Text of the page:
Better indoor air quality: Due to the fact that insulation stands as a barrier between you and the outdoor world, it helps keep irritating allergens and environmental pollutants out of the air circulating around your home – ensuring better indoor air quality.

Prevents noise pollution: Insulation will not act as a complete sound barrier, but it will definitely help reduce the volume of external noise. It will also work the other way around – allowing you to turn up the music inside your home, without disturbing your neighbours.

Protection from moisture and mould: Insulation helps to provide a seal against unwanted moisture and humidity, which helps protect your home from excess moisture, mildew and mould.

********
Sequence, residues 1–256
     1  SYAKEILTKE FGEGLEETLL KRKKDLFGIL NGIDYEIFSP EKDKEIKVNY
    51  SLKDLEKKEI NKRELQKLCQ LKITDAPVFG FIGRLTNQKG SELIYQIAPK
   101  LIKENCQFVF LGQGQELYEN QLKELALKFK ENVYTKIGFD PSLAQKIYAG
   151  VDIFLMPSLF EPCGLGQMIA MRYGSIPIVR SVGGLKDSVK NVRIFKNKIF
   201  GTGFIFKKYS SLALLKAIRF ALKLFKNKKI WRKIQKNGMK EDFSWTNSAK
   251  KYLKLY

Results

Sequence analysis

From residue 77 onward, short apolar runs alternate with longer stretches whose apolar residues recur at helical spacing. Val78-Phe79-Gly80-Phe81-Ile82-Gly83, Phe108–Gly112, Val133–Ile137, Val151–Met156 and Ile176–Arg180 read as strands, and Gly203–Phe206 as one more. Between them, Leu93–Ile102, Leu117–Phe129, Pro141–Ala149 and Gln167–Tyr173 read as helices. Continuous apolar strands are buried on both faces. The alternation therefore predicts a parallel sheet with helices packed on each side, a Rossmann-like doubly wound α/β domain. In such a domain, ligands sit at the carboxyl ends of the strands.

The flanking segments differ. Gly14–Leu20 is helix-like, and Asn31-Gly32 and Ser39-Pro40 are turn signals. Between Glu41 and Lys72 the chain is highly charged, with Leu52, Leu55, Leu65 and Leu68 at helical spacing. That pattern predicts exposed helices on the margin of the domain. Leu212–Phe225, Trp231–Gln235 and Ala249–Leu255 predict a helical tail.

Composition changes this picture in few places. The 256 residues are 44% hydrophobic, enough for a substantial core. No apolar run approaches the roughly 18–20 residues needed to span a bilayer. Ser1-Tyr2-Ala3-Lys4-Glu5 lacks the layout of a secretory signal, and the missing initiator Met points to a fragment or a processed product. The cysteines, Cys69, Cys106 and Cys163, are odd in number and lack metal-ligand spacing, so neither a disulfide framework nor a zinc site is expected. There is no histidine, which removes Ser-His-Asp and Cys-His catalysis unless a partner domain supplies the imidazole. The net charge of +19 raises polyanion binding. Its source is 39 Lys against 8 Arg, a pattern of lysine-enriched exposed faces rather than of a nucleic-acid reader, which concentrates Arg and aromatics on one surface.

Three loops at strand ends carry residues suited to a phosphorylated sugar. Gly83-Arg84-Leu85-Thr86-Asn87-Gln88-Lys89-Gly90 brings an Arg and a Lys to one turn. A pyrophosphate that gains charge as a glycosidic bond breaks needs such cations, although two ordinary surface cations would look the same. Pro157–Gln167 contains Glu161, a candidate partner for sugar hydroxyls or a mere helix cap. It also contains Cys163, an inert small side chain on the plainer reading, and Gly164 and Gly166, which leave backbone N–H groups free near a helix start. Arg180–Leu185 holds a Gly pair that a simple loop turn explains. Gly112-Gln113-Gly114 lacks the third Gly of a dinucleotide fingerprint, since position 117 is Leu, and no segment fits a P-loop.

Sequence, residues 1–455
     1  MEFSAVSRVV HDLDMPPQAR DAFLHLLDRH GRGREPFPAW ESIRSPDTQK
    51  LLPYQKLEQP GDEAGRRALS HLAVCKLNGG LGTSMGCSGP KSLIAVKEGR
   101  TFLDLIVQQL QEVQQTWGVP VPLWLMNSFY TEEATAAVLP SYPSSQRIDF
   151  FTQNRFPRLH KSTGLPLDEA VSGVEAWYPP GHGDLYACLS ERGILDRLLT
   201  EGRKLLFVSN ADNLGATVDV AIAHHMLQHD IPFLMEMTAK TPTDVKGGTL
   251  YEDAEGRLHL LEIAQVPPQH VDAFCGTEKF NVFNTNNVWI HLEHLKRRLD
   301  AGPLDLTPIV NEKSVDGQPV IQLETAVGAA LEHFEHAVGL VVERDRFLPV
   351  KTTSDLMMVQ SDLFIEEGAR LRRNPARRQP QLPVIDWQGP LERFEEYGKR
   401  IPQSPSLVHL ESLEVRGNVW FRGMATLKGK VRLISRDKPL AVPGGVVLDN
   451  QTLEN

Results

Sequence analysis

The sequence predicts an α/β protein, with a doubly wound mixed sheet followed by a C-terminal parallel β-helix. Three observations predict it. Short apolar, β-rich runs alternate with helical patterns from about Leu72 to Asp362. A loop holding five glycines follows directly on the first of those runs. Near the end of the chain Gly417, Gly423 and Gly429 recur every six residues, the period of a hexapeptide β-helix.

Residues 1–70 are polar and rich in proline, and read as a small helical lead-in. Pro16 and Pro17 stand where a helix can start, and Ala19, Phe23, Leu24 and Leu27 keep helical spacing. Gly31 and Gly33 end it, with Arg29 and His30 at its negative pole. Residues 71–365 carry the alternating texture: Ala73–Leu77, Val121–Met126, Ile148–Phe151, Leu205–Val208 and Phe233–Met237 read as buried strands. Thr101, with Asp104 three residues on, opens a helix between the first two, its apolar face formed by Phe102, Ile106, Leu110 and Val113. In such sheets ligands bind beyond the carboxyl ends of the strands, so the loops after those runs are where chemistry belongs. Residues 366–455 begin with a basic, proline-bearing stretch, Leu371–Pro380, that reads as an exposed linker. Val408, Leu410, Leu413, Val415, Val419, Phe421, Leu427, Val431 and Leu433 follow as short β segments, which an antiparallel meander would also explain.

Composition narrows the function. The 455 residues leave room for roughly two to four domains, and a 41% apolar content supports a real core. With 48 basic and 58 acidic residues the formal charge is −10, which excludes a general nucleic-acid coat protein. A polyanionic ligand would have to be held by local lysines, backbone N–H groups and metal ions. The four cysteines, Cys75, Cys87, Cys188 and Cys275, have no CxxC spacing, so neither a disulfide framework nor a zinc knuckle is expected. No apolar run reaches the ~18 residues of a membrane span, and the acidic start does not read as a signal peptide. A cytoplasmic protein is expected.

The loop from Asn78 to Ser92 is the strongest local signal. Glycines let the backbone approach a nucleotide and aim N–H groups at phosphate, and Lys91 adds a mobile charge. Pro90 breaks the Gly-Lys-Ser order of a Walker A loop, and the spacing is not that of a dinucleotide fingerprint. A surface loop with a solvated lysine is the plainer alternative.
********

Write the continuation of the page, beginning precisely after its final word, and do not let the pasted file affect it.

A fire barrier: Insulation can help stop the spread of fire. Knauf insulation, for example, has been awarded Euro Class A1, and SANS10177 – Part 5 fire certification. XPS insulation board will be classified as B/B1/2/H&V in terms of SANS428, which means that although it is combustible, it poses no flame-spread hazard. In fact, when exposed to fire, it will shrink away from the heat source, creating no flaming droplets or flame-spread.